Affordable Access

Access to the full text

Determining the effects of exercise after smoking cessation therapy completion on continuous abstinence from smoking: Japanese study protocol

Authors
  • Ozaki, Yuka1
  • Komiyama, Maki1
  • Ueshima, Kenji2
  • Iso, Hiroyasu3
  • Sakata, Satoko4
  • Morino, Ayumi5
  • Takahara, Mitsuyoshi6
  • Noguchi, Satoshi7
  • Kuwabara, Yoshihiro2
  • Takahashi, Yuko1
  • Hasegawa, Koji1
  • 1 National Hospital Organization Kyoto Medical Center, 1-1 Mukaihata-cho, Fukakusa Fushimi-ku, Kyoto, 612-8555, Japan , Kyoto (Japan)
  • 2 Kyoto University Hospital, Kyoto, Japan , Kyoto (Japan)
  • 3 Public Health Graduate School of Medicine Osaka University, Osaka, Japan , Osaka (Japan)
  • 4 Kyushu University, Fukuoka, Japan , Fukuoka (Japan)
  • 5 Shiga University of Medical Science, Citsu, Shiga, Japan , Citsu (Japan)
  • 6 Osaka University Graduate School of Medicine, Osaka, Japan , Osaka (Japan)
  • 7 Section of Geriatric Dentistry Department of General Dentistry Fukuoka Dental College, Fukuoka, Japan , Fukuoka (Japan)
Type
Published Article
Journal
Trials
Publisher
Springer (Biomed Central Ltd.)
Publication Date
Dec 16, 2019
Volume
20
Issue
1
Identifiers
DOI: 10.1186/s13063-019-3820-7
Source
Springer Nature
Keywords
License
Green

Abstract

BackgroundDespite a steady world-wide decline over recent decades, rates of smoking remain high in developed countries. In Japan, 30% of men and 10% of women are smokers. Based on these rates, 18.8 million (14.06 million men and 4.74 million women) in Japan are smokers. The rate of success for smoking cessation has recently improved due to the widespread availability of drug therapy; however, the success rate for quitting smoking one year after beginning therapy is only around 50%. Previous studies have demonstrated that exercise can relieve mental stress during continuous abstinence from smoking and curb smoking resumption. To date, no large-scale, randomized controlled trials have examined the effects of exercise on smoking cessation. The present study aims to determine the effects of exercise instruction on continuous abstinence from smoking after completion of smoking cessation therapy.MethodsThis is a multicenter, prospective, parallel-group, randomized controlled trial in Japan. We will enroll 300 individuals visiting a smoking cessation clinic (over 3 months) who have abstained from smoking in the second month after their initial visit as potential participants. Participants will not habitually exercise and will need to consent to participate. Participants will be randomly assigned to the exercise intervention group or control group. The intervention group will receive instruction on exercises that can be incorporated into their daily lives. The control group will be followed during the standard smoking cessation support program. The primary endpoint will be the continuous abstinence rate, and secondary endpoints will be weight, blood pressure, exhaled carbon monoxide concentration, psychological state, and blood test results. These indices will be compared between the intervention and control groups, with follow-up periods of 9 months in both groups.DiscussionBy examining the effects of exercise instruction after completion of 12-week smoking cessation therapy, this study should yield quality information that can be used to develop protocols to improve the continuous abstinence rate and inhibit weight gain after smoking cessation therapy.Trial registrationUMIN Clinical Trials Registry, UMIN000014615. Registered on 1 October 2014.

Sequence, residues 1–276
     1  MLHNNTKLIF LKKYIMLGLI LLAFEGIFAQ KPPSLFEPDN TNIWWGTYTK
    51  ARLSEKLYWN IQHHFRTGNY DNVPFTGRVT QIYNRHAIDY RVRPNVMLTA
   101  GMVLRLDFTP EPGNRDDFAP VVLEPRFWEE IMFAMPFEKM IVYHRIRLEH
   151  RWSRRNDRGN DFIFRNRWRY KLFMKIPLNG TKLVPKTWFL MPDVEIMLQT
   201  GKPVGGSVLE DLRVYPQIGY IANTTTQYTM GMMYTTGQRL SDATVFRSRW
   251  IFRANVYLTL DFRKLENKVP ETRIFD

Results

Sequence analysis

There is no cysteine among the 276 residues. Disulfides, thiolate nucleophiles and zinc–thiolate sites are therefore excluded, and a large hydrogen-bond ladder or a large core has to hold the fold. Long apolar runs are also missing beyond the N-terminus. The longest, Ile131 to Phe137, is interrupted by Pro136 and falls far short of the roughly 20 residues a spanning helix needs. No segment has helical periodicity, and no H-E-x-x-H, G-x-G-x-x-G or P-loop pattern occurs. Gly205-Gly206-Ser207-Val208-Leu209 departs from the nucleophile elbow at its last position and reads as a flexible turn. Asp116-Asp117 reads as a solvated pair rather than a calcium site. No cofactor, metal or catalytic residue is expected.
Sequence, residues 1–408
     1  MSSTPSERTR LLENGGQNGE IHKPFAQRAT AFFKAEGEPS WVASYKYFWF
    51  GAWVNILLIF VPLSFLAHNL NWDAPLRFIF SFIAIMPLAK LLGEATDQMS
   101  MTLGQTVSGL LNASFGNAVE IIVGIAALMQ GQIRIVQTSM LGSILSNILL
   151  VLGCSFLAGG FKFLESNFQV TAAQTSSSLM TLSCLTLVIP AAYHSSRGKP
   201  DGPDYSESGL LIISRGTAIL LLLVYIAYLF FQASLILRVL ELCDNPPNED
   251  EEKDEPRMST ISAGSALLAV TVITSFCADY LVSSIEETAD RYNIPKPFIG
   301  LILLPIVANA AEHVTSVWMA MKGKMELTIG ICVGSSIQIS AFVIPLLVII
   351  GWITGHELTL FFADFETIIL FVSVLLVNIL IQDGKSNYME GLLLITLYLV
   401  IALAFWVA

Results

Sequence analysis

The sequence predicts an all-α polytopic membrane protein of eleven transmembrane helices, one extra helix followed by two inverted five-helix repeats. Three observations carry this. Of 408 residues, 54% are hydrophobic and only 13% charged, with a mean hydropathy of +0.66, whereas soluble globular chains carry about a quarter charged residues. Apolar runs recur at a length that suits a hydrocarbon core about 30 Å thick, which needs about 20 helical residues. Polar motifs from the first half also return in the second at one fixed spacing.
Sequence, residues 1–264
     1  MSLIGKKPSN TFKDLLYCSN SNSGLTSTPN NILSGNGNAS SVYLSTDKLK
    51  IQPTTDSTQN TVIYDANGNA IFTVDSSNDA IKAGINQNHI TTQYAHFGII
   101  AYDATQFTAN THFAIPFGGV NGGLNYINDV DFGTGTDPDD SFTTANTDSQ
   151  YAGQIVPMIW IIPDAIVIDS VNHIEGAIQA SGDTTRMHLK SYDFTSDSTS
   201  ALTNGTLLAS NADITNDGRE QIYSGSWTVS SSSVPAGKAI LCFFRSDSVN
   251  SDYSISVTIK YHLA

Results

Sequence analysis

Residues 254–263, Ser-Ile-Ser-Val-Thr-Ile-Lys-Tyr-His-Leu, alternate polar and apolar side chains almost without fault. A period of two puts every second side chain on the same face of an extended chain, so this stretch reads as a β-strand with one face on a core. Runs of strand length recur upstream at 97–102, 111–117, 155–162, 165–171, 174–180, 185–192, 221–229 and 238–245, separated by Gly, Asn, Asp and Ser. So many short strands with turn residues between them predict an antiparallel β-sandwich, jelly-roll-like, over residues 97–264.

Report this publication

Statistics

Seen <100 times